The Habsburg Empire amid the challenges of nationalism
Plans and conceptions for remodelling the Empire
The Habsburg Empire before 1848 was an exemplar of old-type, dynastic empires. While the nation-state was becoming the increasingly accepted organ-izing principle of states, the Empire remained a conglomerate of pepoples. The revolutionary and national movements of 1848-1849, in addition to triggering a crisis of the imperial government, threatened the very existence of the Empire since they erupted with unprecedented force, striving, in the name of modern nationalism, to make the priciple of nationality the basis, or at least one of the decisive tenets, of political organization, and demanding the reform of the or-ganization of the Empire. The paper surveys the programs drawn up in Austria in 1848-1849 and attempts to present the Hungarian revolution and war of in-dependence of 1848-49 not only as a duel between the imperial government and the Habsburg court on the one hand, and the Hungarian liberal political elite on the other, but as embedded in the complicated matrix of the programs of the nations that made up the Empire. Savage pamphlets were written, still in the name of constitutionality in 1848-1849, by proponents of imperial centralism, the adherents of assorted types of federal reorganization, and the representatives of the plan of a Hungarian personal union against each other; the real emphasis for these pamphlets was of course provided by the actual battles fought against Hungary. The paper offers a summary of these polemies.
A tanulmány a Central European University Research Support Scheme programjának támogatásával készült. Köszönöm Dr. Univ.-Prof. Horst Haselsteinernek (Universität Wien) szakmai támogatását és segítségét.
The government's position on putting the question of the operata on the agenda (1830-1832)
The paper examines the position of the government concerning the work of a national committee delegated by the 1827 Art. 8. These so called operata were originally to be put on the agenda of the Hungarian Diet planned for October 2, 1831. The session where the main point of the agenda was to discuss the work of the commission was finally summoned by the monarch for December 16, 1832. The paper claims that the reason for this delay was not only the pandemic of cholera, which broke out in the summer of 1931, but the deliberate postponing tactics of the government as well.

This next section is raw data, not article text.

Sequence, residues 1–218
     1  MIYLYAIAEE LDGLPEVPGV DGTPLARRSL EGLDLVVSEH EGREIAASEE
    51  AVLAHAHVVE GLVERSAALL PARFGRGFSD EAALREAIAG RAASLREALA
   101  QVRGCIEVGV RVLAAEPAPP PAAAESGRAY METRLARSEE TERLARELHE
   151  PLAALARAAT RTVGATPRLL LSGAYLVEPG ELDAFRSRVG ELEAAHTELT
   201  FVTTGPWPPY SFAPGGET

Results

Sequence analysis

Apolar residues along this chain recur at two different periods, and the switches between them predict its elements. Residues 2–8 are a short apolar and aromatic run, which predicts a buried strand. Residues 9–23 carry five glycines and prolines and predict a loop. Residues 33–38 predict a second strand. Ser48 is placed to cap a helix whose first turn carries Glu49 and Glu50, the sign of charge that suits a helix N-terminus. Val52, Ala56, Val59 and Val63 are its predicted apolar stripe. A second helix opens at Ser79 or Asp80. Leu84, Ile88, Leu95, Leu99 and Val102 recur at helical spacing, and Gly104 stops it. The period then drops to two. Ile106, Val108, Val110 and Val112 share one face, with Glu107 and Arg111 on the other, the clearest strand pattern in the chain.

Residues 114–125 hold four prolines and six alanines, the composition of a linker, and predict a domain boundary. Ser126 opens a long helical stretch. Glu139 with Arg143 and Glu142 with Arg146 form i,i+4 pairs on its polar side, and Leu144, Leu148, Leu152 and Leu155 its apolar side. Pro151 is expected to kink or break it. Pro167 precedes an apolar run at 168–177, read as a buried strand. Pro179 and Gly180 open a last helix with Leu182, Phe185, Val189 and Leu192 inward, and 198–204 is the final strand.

The government, i.e. the Hungarian chief officers such as the comes palatinus, the chancellor, and the personalis praesentiae regiae, and the conference of ministers, recognized the necessity of discussing the operata, but also wanted to wait until it was clear what instructions had been drawn up for the county deputies so that it could make the order of the parlamentary debates on the operata with that knowledge.
The other important goal of the government was to avoid the simultaneous summoning, long overdue, of the Hungarian and Transylvanian Diets. The Diet of Pozsony in 1832-1834 was in session longer that the government would have wished, but the conditions in Transylvania obliged the king to summon the Transylvanian estates for a Diet in 1934. The second goal thus failed. Handling Hungarian and Transylvanian affairs at the same time surpassed the abilities of the government, and the grave political conflicts emerging at the turn of 1834 and 1835 would be impossible to cope with by traditional means.